When Warren Buffett’s Berkshire Hathaway announced recently that it had extracted itself from a big bet insuring a massive amount of municipal debt from default, the move brought attention to a relatively sleepy part of the market. Reflecting a lack of liquidity as much as concern about the potential for defaults, spreads in the $60 billion municipal credit-default swaps market have been wide for some time, market watchers say.

Facebook Share Repurchase Should Make Warren Buffett Proud (Minyanville)
Since it became public at $38 per share on May 18, social networker Facebook Inc (NASDAQ:FB) has lost more than half of its value. Is it a buy at its current level of $19? According to valuation expert and NYU Finance Professor Aswath Damodaran, the answer is “almost.” Back in May, Damodaran valued Facebook at $29, but in late August he reduced his fair value estimate to $23.94. Why the 17.4% valuation haircut? Damodaran now projects slower revenue growth and lower profit margins, and continues to voice concern about Facebook’s “absence of a clear business plan” to monetize its nearly one billion users. I’ve written about Facebook’s inability to come up with an effective way to monetize its mobile users. Nevertheless, Damodaran continues to believe that Facebook has “incredible potential.”

Bochy not ready to demote Sandoval yet (CSNBayarea)
We’ve seen two versions of Bruce Bochy, Giants manager. There is the slow-moving version who stays with veterans, gives players time to work out of slumps and generally makes fewer rash decisions than Warren Buffett. Then there is the ultra-reactionary version who manages the lineup and bullpen like a day trader with an espresso habit.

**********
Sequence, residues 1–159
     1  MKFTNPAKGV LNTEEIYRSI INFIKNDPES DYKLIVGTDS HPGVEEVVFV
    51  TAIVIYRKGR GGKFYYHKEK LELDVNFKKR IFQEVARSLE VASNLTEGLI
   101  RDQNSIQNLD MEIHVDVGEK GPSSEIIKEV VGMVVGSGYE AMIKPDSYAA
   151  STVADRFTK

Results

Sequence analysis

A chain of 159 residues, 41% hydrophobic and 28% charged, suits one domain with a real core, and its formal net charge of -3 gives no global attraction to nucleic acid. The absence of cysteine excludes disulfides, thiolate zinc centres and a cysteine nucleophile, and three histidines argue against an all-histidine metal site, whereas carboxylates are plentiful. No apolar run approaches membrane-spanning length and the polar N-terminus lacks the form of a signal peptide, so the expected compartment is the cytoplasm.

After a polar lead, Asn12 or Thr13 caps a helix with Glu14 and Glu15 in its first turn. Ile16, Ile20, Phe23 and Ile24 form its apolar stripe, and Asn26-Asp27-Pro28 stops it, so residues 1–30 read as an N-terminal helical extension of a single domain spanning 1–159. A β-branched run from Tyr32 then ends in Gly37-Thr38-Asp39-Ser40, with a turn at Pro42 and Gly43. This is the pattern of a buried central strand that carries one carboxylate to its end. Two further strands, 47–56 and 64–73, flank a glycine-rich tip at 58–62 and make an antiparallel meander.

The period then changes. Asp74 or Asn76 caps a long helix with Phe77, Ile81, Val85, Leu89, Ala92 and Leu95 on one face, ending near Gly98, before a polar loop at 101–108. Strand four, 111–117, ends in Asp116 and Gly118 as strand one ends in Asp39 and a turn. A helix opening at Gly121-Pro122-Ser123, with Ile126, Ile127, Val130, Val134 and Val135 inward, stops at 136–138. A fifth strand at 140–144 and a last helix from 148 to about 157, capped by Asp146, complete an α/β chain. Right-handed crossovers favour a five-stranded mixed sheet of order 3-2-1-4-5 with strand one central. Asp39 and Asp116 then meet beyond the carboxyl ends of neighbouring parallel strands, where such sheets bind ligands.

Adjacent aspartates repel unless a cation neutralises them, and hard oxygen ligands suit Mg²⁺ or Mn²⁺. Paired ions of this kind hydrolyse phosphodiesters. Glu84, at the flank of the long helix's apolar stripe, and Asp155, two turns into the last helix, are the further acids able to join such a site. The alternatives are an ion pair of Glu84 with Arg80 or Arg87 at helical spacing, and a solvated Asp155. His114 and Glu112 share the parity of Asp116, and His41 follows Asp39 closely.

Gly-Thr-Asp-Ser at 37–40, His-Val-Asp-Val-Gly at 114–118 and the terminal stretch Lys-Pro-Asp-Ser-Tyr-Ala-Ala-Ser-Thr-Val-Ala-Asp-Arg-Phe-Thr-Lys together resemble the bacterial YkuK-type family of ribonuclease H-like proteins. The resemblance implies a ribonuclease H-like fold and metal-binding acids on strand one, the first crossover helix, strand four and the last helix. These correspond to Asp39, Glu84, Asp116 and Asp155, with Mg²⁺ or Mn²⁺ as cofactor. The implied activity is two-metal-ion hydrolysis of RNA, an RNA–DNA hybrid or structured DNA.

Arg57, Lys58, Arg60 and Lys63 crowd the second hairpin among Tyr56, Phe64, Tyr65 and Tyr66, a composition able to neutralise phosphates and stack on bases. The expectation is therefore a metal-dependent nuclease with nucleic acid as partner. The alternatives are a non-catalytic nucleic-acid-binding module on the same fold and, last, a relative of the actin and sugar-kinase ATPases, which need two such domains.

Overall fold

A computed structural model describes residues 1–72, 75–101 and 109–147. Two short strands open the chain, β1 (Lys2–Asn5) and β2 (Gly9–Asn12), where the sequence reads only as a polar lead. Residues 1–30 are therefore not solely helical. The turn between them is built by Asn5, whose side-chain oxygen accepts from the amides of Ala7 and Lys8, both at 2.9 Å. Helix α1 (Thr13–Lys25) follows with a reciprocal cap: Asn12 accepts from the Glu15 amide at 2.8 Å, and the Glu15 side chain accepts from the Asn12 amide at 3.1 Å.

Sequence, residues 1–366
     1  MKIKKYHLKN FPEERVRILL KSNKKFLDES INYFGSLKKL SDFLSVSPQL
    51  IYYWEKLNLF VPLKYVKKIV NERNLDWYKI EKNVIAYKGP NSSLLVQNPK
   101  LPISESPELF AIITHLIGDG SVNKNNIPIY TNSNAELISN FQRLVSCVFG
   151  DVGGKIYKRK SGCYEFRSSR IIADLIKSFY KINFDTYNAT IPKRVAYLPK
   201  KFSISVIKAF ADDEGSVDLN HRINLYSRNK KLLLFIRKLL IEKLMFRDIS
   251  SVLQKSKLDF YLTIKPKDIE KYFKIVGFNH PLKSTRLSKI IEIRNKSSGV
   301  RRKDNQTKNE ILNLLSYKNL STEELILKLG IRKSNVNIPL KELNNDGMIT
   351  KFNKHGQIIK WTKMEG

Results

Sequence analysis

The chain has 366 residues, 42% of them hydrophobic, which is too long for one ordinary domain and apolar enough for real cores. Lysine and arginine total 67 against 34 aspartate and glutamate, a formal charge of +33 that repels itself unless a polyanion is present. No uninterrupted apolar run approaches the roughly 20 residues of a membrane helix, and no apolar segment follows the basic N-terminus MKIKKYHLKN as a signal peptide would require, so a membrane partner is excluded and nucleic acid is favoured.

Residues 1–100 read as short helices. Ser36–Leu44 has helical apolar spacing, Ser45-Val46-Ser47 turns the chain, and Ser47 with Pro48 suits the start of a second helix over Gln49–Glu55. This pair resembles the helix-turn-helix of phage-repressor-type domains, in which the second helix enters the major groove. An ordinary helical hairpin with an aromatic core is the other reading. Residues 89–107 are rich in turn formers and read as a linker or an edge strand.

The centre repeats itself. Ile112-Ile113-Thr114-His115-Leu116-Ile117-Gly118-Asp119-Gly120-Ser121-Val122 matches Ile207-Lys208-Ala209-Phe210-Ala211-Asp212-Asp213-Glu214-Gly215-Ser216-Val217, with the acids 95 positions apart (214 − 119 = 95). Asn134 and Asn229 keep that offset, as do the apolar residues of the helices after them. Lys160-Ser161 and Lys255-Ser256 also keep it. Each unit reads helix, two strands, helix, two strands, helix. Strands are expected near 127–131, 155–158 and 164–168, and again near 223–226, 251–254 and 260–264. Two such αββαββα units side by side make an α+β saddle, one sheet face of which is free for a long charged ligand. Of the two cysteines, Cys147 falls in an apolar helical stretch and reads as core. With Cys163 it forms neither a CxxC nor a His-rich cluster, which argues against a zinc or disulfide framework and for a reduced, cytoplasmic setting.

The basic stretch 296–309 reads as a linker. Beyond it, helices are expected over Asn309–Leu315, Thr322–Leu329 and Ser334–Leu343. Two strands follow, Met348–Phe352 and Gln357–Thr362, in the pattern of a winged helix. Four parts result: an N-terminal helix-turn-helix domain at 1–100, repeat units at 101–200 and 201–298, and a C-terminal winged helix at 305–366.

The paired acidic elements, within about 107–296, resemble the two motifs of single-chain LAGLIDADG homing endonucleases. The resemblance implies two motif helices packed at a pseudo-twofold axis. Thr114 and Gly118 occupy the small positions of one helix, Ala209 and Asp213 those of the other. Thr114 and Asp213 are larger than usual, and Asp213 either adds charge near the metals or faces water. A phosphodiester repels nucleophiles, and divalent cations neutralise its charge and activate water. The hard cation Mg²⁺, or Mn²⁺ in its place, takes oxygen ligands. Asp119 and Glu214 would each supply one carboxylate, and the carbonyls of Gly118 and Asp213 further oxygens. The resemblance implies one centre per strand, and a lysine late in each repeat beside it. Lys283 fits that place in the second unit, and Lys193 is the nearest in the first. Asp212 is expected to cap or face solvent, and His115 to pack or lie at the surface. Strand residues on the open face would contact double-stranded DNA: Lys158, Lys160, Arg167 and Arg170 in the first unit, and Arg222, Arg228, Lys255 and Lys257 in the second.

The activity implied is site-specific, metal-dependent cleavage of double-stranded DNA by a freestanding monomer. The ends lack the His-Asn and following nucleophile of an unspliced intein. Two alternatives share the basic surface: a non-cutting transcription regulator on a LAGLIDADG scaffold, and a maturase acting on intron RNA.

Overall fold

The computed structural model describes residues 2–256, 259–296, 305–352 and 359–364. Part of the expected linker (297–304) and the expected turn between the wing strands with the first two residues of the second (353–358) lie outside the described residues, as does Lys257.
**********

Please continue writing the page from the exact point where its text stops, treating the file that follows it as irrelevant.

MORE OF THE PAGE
Roy Exum: Joe Moglia Wins The Chips (Chattanoogan)
You probably missed the fact tiny Coastal Carolina whipped Furman’s football team in a triple overtime on Saturday, squeaking past the Southern Conference giants, 47-45, but there is something fun and wonderful you need to know. Coastal’s first-year coach Joe Moglia has a picture in his office of him playing poker with billionaire investor Warren Buffett and it is aptly inscribed, “To Joe, who always ends up with all the chips.”

Letting go of Big O envy in laid-back Lincoln (Journalstar)
Lincoln has always had Big O envy. And not just because the hilly city to the east can tie its marketing campaign to the bedroom, and we seem to have tied ours to something far less sexy. We envy Omaha for its funky neighborhoods and weekend festivals and hip nightlife. For its abundance of locally owned restaurants and high-end shopping. Its deep pockets and can-do attitude. We’re jealous of a city that has Warren Buffett and Pottery Barn and the College World Series and Whole Foods. And an airport that doesn’t close at suppertime.

Why Buying Treasuries Is Not A Rational Investment (SeekingAlpha)
While there are plenty of definitions of what the purpose of investing may be, for me it is this: the foregoing of consumption today with the belief that the delayed gratification will increase my purchasing power in some future tomorrow. If I lived in 1950, I would find it foolish to put a $10 bill in an envelope to spend 50 years later. Why is that? Because that $10 could go a lot further in 1950 than in 2000. Using Warren Buffett’s hamburger test, you could probably buy 100 hamburgers for $10 in 1950. Today, if we use the McDonald’s Corporation (NYSE:MCD) dollar menu as our baseline, you could get about 10 hamburgers for $10. This was not a good trade-off: an investment that yields 0% in a world of 3-4% inflation will make you substantially poorer over a long period of time.